The majority of people don’t understand Bitcoin, many people seem to be in on it – making impossible fortunes – and many others are sounding the Ponzi alarm.
Distinguished fellow at Carnegie Mellon University, Vivek Wadhwa, explains why he thinks Bitcoin is the largest Ponzi scheme in human history.
He says the current Bitcoin saga is a repetition of history, specifically the collapse of the dot.com companies in the late 1990s. That’s when there were also ridiculous valuations of the dot.com companies even when they didn’t have revenue. Everyone supposedly understood it was because we were entering an entirely new economy.
The unsuspecting public believed the story, invested their life savings, the bubble bust and they lost everything, says Wadhwa.
“Through a transfer of wealth in the billions of dollars from Main Street to Wall Street, VCs, unscrupulous CEOs, and bankers had effectively enriched themselves at the expense of hundreds of thousands of ordinary investors, leaving them to despair about their futures.”
The problem is this time around more people, including from the developing world, will be affected, says Wadha. Technology has made it possible for those in Silicon Valley, China, and New York City to fleece anyone, anywhere, who has a bank account and an Internet connection.
The public is being sold a lie
The story is that we can’t trust government-issued currencies and therefore Bitcoin is the future of money.
On the other hand, the price of Bitcoin keeps rising. Doesn’t that make it the ultimate investment? Some investors have even called it the new gold.
The thing is, the rising price is based on pure speculation and stories of it rising feeds such speculation, says Wadha.
“But Bitcoin’s market price is almost certain at some point to crash and burn, just as the dot-coms did, and for the same reason: because it is all hype. And there will be no one to turn to when it does, because no government or bank is backing it up; and the people who are hyping Bitcoin will have cashed out and be long gone,” he states.
It is not difficult to grasp his argument. The price is not rising because Bitcoin is increasing in value – it’s rising because people hear stories of how investors have doubled or tripled their money in a short period and they want to do the same.
Wadha says many ordinary people are taking out loans to buy Bitcoins.
As the price keeps going up, they hoard their Bitcoin.
There seems to be little incentive to buy and sell Bitcoin, in other words, to trade in it (apart from keeping on buying it at increasing prices).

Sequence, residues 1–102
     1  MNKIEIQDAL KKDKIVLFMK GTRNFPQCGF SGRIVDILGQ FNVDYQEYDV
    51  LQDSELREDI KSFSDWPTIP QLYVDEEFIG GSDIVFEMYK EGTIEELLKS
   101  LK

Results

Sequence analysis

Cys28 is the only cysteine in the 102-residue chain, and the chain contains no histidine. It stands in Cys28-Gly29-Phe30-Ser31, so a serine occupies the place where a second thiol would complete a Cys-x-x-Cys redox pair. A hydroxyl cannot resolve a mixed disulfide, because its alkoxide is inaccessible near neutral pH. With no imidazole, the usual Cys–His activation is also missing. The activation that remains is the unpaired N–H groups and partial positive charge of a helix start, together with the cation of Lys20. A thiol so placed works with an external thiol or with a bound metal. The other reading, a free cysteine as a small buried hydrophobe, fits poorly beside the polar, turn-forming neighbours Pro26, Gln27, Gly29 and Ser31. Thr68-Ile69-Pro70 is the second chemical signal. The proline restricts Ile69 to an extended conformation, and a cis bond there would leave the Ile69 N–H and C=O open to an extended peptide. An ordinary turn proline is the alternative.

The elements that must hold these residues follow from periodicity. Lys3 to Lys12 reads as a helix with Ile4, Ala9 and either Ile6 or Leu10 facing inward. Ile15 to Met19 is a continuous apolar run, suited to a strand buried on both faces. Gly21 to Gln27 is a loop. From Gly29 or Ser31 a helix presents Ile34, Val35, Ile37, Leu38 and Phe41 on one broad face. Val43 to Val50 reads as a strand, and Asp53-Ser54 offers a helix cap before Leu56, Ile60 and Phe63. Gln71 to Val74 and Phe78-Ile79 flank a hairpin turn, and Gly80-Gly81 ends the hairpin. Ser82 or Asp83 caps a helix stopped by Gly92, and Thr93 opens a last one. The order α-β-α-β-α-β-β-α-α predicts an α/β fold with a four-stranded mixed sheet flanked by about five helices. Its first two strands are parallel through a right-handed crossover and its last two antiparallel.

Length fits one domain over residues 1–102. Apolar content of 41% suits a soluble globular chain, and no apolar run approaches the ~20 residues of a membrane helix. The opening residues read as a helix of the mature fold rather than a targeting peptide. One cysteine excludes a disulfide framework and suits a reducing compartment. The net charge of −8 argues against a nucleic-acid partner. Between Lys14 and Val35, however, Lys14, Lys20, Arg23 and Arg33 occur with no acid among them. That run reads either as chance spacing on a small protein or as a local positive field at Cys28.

The reason for this lies in how Bitcoin has been set up to come into existence
Bitcoins are created (or “mined”) at predetermined and gradually decreasing rates as there are only 21 million coins that can be mined. The number of people who want to buy them is increasing, but the number of coins that are becoming available is decreasing, so the price of a Bitcoin keeps going up.
Because its price increases, both its “miners,” who use their computers do complex calculations in order to mine the currency, and those who buy Bitcoins from others feel reluctant to use them as currency by spending them. Instead, they hold on to their coins while they wait for the price to rise further, explains Wadha.
“With Bitcoin supply constrained and increasingly falling short of demand, instead of functioning as a currency, Bitcoin is a speculative empty asset,” concludes Wadha.
One can’t help wondering what will happen when the last coin has been mined.
Players within the cryptocurrency market are also becoming jittery about the crypto gold rush.
In July 2017 the co-founder and former CEO of the organization behind Bitcoin rival, Ethereum, Charles Hoskinson, told Bloomberg people are being blinded by fast and easy money.
Just a week ago, Ethereum’s founder, Vitalik Buterin, told Business Insider that he thinks crypto is heading in the wrong direction and threatened to leave the space altogether if the crypto community doesn’t grow up.
He told Business Insider that people in the space should understand the difference between enacting positive change for society and just moving a bunch of money around.
After all, cryptocurrencies were invented to benefit society by ensuring secure transactions directly between individuals without the need for third parties like central banks.
Buterin is critical of the energy being squandered on meme-ing about luxury cars and inappropriate jokes and questions whether the community has achieved anything useful for society.
So it looks like cryptocurrencies have become the digital equivalent of the gold rush with investors pouring as much as they can at it in order to make huge profits. And the so-called benefits for society is once again forgotten.
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